Best practice web design and the death of “the fold”

Nowadays we consume content on all manner of devices, many of them with small smartphone-sized screens. Scrolling is now a natural instinct.

The world of web design today must cater to a myriad of devices and resolutions. In this new order of device diversity, it’s time to shake off outdated web practices.

One such practice is omnipresent “above the fold” placement. This expression comes from back in the day when the majority of people got their news from newspapers. It refers to the upper half of a paper where the most important story and images were located. In web design, it is also referred to as “above the scroll”.

There’s an old fashioned view pervading web development that all important information should be placed above the fold, or before you need to scroll down to see more. This trend persists, even if it makes a page look like a salesy smorgasbord of clutter.

Nowadays we consume content on all manner of devices, many of them with small smartphone-sized screens. Scrolling is now a natural instinct. We accept and expect that scrolling will lead to more content, due in part to ubiquitous scroll-heavy social media like Instagram and Facebook.

People also consume media on many different devices. The most popular screen resolution in Australia for the last six months has been 1366×768, but will likely change in the future? At iFactory we design for the current most popular resolutions, or those most suited to your target audience. There is not even a universal fold to be above anymore.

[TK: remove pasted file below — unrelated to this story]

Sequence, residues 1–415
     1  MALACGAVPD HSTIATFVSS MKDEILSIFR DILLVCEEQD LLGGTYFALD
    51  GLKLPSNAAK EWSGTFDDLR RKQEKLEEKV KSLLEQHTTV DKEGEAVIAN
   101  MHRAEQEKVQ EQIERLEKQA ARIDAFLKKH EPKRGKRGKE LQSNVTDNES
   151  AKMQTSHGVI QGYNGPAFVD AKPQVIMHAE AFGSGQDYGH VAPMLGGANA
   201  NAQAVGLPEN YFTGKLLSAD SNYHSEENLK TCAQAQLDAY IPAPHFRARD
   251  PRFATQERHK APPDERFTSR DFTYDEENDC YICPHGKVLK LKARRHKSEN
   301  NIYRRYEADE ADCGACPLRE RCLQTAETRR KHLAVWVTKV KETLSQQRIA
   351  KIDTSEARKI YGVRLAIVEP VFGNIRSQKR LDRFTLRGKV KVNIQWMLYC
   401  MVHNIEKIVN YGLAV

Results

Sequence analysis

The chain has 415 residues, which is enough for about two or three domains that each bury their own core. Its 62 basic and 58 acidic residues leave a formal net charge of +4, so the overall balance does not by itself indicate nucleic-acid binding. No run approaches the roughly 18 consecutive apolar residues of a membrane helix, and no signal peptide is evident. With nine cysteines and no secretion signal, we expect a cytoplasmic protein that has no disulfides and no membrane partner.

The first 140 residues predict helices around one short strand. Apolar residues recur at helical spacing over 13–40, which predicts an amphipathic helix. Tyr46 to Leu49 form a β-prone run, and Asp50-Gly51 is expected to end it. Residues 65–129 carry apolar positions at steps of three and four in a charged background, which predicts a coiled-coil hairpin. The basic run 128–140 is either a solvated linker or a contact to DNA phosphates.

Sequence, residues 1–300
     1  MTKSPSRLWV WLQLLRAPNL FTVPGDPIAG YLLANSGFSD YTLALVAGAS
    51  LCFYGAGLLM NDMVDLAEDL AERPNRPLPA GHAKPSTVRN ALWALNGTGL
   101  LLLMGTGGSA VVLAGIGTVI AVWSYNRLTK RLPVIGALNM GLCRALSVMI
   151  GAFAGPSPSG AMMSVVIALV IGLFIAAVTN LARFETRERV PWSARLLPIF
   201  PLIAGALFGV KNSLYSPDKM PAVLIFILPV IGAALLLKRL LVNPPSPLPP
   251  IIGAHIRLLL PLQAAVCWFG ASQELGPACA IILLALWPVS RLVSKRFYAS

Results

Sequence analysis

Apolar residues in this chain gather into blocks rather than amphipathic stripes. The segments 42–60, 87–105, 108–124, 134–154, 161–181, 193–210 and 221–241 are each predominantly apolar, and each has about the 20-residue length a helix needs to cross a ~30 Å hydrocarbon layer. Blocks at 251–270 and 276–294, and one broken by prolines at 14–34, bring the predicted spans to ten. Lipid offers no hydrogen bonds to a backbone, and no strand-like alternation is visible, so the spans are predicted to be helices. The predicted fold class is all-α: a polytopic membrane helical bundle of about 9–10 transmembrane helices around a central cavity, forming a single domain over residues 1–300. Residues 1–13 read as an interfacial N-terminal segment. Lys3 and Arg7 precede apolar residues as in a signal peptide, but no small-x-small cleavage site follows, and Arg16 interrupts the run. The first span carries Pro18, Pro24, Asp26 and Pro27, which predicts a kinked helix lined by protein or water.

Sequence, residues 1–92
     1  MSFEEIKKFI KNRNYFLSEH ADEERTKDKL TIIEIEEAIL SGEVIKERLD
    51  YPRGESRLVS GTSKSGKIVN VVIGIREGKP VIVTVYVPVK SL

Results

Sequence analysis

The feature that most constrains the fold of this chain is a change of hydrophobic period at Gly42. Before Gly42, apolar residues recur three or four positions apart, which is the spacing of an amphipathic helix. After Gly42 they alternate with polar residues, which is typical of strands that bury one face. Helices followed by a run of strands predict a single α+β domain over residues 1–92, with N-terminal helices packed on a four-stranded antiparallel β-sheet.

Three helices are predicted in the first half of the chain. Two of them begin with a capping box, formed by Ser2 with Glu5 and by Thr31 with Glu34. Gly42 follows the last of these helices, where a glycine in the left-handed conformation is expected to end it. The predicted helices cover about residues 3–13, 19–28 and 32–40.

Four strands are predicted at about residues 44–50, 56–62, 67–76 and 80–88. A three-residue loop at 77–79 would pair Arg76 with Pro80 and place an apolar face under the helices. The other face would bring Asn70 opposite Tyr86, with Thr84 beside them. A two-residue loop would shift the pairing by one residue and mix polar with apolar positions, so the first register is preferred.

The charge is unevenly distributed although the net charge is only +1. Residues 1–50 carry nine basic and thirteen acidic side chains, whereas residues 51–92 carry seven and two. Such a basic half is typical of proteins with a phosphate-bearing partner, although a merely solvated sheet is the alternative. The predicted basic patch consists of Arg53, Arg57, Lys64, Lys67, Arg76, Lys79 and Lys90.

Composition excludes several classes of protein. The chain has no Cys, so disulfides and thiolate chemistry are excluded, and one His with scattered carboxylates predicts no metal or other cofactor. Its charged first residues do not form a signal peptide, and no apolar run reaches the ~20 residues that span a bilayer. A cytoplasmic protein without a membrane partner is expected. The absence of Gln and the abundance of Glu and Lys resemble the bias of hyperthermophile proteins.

The fact is, the fold is dead.

Using the space below the fold invites the viewer to focus. There is now no “one fold”. Below the fold website design allows you to utilise white space for emphasis and simplicity, and create a visual narrative with the design and layout. It makes your page like a well-curated art gallery; the use of space allows you to really drink in what is before your eyes. Alternatively, above the fold is the equivalent of an entire exhibition competing for space on one wall.

Several recent A/B tests have shown that moving the call to action below the fold contributed to significantly higher conversion rates.

Research shows that readership falls off rapidly up to 50 words of copy, but drops very little between 50 and 500 words.

That’s a rather important, as 500 words of copy, set at 16px or above at the optimal 75 character measure (how many characters before an eye loses the line it is reading) and 150% line-height, will take up at least 1,000 pixels of vertical space. This puts the call to action well below the fold – even at full-HD resolutions.  Anything further down the page than about 700px can reasonably be considered below the fold at the moment.  Since 1366×768 is the most popular screen resolution , and browser chrome takes up at least 68 pixels).

The virtues of visual minimalism aside, people don’t want to commit to something without a bit of a back story. They want information; they want to know what they are getting themselves in for if they sign up. Above the fold calls to action are like a prospective date that is way too insistent about introducing you to their mother. It’s too pushy, and people do not respond well to it.

So what can we learn from this?

Quality copy and an attractive layout can capture a potential client’s interest much better than the outdated above the fold rule. This practice simply does not make sense in a world of scrollers, and a world of different resolutions.

Look, scrolling didn’t put you off making it to the bottom of this post!

For up-to-the-minute advice on best practice web design in Brisbane, contact iFactory today.


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